QPR shake London derby monkey in fine style – report
Sunday, 13th Mar 2016 19:00 by Clive Whittingham
QPR finally got a London derby win at the seventeenth time of asking with a comprehensive 3-0 hammering of near-neighbours Brentford on Saturday.
Back to back wins for the first time in his reign, now just two defeats in a dozen games and another clean sheet for a rapidly-improving defence – Jimmy Floyd Hasselbaink’s tea will be tasting all the sweeter this Sunday morning.
QPR had lost all four London derbies this season prior to Saturday, scoring just once in the process, including a 1-0 loss at Griffin Park against Brentford towards the end of Chris Ramsey’s reign. That extended their winless run against neighbouring capital clubs to 16, but that monkey was unceremoniously dumped from Rangers’ backs and beaten to a bloody pulp in a comprehensive victory against the Bees at Loftus Road on Saturday.
It’s only seven days since a second half surrender at Milton Keynes so wet and limp it made Arsenal look like World Stare Out Champion Sigmund ‘Siggy’ Spatsky, so it’s important not to get too carried away. This remains a work in progress, still prone to moments of complete collapse, and possibly ultimately doomed to failure.
But, now 19 games into Hasselbaink’s reign, obvious signs of progress can be seen. Rangers have won three of the last four games without conceding a goal, and are clocking up the victories at Loftus Road in increasingly confident and comprehensive style. This 3-0 win moved things up another notch from the 2-0 successes against Birmingham and Derby in more ways than simply the scoreboard although, again, worth sounding a note of caution – Brentford are about as poor a team as we’ve seen in Shepherd’s Bush this season.
QPR had shape, game plan, fitness and solidity sadly lacking before Christmas. They were led from the front by Seb Polter, whose overly-physical style snapped referee Fred Graham’s patience and brought him a yellow card before half time but also meant Brentford’s defence was unable to play the ball out from the back as it wished. Forced back, and comprehensively beaten for strength by QPR’s rudimentary centre forward, the Bees’ back four ceded acres of space directly in front of them where Tjaronn Chery and Junior Hoilett, the two outstanding home players on the day, were able to run amok.
Hoilett, in particular, played like a man possessed. He was fouled after six minutes – referee Graham expertly seeing a potential advantage through before bringing play back for the free kick – allowing Ale Faurlin to curl a 25 yard dead ball round the wall but straight at visiting goalkeeper David Button. Then he played Tjaronn Chery into space in the area but his shot straight at the keeper from an impossible angle would have been better as a pass back to Polter awaiting a tap in. A low drive from the edge of the area, comfortably saved by Button, got the Canadian’s eye in before the main event on the half hour.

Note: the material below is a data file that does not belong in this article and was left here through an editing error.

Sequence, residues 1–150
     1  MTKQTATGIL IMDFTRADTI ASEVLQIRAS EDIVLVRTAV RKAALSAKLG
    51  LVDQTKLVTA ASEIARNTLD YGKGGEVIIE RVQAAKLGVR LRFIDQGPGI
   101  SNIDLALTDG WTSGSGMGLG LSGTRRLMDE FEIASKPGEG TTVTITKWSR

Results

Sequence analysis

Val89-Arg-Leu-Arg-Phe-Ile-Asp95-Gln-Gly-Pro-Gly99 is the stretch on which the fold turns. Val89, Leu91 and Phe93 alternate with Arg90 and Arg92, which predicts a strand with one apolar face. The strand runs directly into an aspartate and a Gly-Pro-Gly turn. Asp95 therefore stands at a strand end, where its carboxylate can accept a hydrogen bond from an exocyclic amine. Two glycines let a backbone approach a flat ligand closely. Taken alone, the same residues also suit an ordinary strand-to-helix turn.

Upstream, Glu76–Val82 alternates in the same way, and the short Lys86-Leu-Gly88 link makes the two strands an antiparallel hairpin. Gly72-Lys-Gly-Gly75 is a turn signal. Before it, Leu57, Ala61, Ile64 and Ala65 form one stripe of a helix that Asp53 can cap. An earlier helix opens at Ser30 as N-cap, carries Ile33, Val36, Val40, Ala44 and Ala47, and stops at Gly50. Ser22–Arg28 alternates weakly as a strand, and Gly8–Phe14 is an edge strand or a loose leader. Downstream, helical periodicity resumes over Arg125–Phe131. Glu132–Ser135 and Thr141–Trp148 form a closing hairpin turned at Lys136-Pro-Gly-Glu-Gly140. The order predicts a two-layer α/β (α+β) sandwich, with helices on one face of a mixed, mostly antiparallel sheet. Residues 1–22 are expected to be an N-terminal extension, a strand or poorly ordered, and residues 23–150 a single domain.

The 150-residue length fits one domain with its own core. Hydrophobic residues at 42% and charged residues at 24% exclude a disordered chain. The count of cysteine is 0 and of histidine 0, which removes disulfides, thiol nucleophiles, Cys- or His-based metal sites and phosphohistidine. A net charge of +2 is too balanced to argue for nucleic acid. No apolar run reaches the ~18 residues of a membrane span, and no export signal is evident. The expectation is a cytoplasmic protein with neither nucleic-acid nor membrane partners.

Collecting the ball just the right side of the halfway line he’ll have been grateful that Alan McCormack’s challenge on him was so half-hearted and uncommitted, but having been able to move into space 30 yards from goal relatively easily there was nothing simple about a spectacular curling finish into the far corner of the net, all the way round Button and back again into the side netting. That’s probably the QPR Goal of the Season tied up right there. Just a week after the first one Mrs Hoilett's vagina may not be keen, but maybe Junior should consider fathering children more often.
Brentford had enjoyed chances of their own to this point. With former Shrewsbury man Ryan Woods their outstanding player in midfield, they profited first from a loose Gabrielle Angella pass only for Sergi Canos to drag his shot wide from the edge of the box, then Ale Faurlin was slow to get across and shut down Alan Judge who cracked one wide from similar range. Later, when Woods fizzed an inch-perfect 50-yard ball out to the left flank, Canos was able to cut inside and smack a 25 yarder into the side netting with the visiting Brentford fans at the other end on their feet believing they’d scored.
Immediately after the goal Woods, who will surely be attracting interest like so many other recently departed Brentford players on this evidence, pinged one off the base of the post from the best part of 35 yards as the visitors looked for an immediate equaliser. But he faded from the game in the second half as Karl Henry’s influence on the midfield grew – the pair clashed immediately after the break when Woods objected to a Henry tackle and both were yellow carded but while the Brentford man didn’t regain his temper or his composure for the rest of the game, Henry calmly turned in his best performance of the season so far.
Overall, Brentford were poor. With pint-sized Alan Judge as a lone striker they lacked any kind of presence to trouble Angella or Clint Hill, once again excellent at centre half despite playing with a hamstring injury. They would try and play out from defence time and time again but with only Woods in the midfield capable of passing the ball creatively, and McCormack the link man between the two banks of four looking behaving and playing like that 40-something year old who only gets in the pub team because he collects the subs and gets his wife to wash the kit, it just didn’t work for them. QPR’s high press, high work rate and physical approach combated the strategy perfectly and with no plan B to speak of, Dean Smith’s team finished the day well-beaten. Polter may not be pretty, or technically brilliant, but he enables QPR to play high up the pitch and provides a presence completely lacking in this Brentford side.